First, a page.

Clinical Psychotherapist and Clinical Hypnotherapist, South Side Centre, Causewayside, Edinburgh, UK
Received date: January 24, 2017; Accepted date: February 03, 2017; Published date: February 06, 2017
Citation: Morgan-Ayrs S (2017) Clinical Intervention with Long Term Anxiety and Depression with a Male Client in a Therapy Resistant Work Culture: Case Study. J Depress Anxiety 6:266. doi:10.4172/2167-1044.1000266
Copyright: © 2017 Morgan-Ayrs S. This is an open-access article distributed under the terms of the Creative Commons Attribution License, which permits unrestricted use, distribution, and reproduction in any medium, provided the original author and source are credited.
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The present article deals with a case study of a clinical intervention of a male client with long term anxiety and depression in a therapy resistant work culture which effectively deterred self-care, self-awareness and instead encouraged maladaptive coping mechanisms. It explains how a combination of self-assessment, psycho-education and training in self-help and self-analysis methods enabled him to reverse the maladaptive mechanisms and gradually introduce holistic and healthy self-care methods.
Mindfulness; Psycho-education; CBASP; MBCT; CBT; Analysis; Culture; Institutionalised; Prison Service; Depression; Anxiety
The case in question concerned a male client near retirement age who spent his entire working life in the UK Prison Service as a Prison Officer. He presented having initially enquired via his long term wife. “John” (not his real name) presented as a reluctant client, and not someone who felt comfortable with the culture of talking therapies. He disclosed almost immediately that he would not have attended if it were not for the dual factors of being “brought along” by his wife, and “being desperate”.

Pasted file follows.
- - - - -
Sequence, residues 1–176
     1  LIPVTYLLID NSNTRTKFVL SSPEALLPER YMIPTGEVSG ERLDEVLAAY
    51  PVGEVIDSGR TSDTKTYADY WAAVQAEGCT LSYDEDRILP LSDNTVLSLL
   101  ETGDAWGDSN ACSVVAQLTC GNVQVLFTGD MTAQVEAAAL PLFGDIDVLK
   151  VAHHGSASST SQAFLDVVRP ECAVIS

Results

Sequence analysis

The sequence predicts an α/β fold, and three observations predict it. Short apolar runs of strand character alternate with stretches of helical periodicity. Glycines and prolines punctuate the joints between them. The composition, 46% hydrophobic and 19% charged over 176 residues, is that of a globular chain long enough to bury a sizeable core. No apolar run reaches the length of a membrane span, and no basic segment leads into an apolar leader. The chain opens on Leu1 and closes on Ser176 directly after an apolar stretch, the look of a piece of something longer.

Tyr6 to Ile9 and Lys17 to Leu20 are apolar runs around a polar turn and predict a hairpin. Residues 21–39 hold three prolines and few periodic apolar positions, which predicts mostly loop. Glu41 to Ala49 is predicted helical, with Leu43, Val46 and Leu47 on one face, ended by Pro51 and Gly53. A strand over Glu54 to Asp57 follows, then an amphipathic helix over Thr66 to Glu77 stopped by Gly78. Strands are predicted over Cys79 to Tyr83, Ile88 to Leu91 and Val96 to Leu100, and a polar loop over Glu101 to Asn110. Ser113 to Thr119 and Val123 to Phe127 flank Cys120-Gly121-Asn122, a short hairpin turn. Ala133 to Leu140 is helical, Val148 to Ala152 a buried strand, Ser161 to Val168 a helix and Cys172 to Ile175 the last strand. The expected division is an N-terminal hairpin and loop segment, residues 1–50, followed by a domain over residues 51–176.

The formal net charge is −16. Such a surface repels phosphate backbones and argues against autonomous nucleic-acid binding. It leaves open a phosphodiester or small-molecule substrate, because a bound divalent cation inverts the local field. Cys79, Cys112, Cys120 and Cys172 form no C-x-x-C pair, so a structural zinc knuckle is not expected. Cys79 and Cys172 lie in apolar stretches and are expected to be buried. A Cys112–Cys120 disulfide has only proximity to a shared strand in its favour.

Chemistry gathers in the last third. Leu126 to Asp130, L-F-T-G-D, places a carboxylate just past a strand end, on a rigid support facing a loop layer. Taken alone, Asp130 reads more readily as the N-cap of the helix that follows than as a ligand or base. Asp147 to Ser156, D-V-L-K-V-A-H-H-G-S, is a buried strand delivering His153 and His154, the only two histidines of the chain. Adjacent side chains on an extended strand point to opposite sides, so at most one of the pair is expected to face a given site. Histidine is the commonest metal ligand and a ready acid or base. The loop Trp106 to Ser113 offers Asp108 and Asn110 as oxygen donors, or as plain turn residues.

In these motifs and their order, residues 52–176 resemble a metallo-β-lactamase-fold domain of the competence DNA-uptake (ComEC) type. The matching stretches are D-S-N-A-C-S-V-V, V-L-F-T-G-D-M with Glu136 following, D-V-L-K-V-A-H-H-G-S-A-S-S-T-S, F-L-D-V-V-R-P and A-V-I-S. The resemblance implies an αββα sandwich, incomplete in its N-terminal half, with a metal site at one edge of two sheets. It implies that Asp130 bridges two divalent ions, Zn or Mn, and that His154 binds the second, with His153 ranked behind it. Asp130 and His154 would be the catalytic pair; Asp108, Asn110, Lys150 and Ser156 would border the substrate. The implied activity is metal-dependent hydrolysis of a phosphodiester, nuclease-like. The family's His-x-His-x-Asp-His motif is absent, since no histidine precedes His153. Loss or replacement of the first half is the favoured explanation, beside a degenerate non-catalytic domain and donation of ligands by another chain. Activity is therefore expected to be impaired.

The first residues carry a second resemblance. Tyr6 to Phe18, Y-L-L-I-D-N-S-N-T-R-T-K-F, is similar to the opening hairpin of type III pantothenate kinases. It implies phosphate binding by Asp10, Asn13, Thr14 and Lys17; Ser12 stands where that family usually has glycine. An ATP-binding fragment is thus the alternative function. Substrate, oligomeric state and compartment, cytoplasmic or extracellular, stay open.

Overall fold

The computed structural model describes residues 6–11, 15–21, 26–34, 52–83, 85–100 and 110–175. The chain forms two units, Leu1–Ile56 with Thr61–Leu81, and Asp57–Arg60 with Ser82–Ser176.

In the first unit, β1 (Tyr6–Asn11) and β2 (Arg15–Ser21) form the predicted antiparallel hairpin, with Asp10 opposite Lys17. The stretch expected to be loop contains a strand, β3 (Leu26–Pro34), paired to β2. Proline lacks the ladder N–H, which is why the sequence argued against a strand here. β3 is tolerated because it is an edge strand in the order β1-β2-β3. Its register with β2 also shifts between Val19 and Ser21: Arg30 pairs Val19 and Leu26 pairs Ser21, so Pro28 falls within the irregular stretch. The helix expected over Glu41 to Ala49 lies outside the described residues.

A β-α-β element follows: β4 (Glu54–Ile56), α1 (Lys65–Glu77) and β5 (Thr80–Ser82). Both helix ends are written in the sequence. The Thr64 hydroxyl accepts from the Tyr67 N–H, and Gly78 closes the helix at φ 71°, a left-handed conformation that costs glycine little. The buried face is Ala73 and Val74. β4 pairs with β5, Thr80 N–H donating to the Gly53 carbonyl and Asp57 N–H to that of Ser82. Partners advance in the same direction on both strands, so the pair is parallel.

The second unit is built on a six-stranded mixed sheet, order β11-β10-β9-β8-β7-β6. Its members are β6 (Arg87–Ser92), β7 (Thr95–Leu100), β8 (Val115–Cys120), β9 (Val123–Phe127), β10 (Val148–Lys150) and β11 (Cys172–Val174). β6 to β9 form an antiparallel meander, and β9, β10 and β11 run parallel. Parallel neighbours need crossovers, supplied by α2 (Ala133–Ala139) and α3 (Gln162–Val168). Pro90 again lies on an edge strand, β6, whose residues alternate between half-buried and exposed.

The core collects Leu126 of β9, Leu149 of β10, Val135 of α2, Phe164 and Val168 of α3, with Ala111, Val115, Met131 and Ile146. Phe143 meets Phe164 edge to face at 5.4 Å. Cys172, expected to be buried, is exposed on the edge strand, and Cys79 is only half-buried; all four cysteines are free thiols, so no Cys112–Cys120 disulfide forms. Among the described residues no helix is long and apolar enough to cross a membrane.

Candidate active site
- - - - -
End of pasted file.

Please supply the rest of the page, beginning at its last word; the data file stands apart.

John began work for the Prison Service straight out of high school, and initially worked away in accommodation attached to a major Scottish prison in conditions only slightly less restrictive and isolating than the inmates he and his colleagues were there to supervise. The culture was totally immersive and John stated openly that he and his fellow officers were well aware of being institutionalised themselves. Within this culture there was a strong “macho” culture of drink, suppression and very definitely not expressing feelings. Depression was referred to as “the madness”.
Many decades later, John had worked at various categories (security levels) of prison and was now at a women only prison with a small prison population characterised by severe mental health and drug abuse patterns. This further encouraged the staff to consider feelings and mental health as something that effected inmates as a matter of course, but could not be acknowledged within the staff group. One enterprising officer purchased a trophy cup, decorated it, and then awarded it to any fellow officer who displayed any symptoms of “the madness”. The “madness cup” was passed around as half acknowledgement, half insult and caused furious attempts by the recipient to suppress and deny any further symptoms as rapidly as possible, which would trigger the phrase “the cup has passed from me”.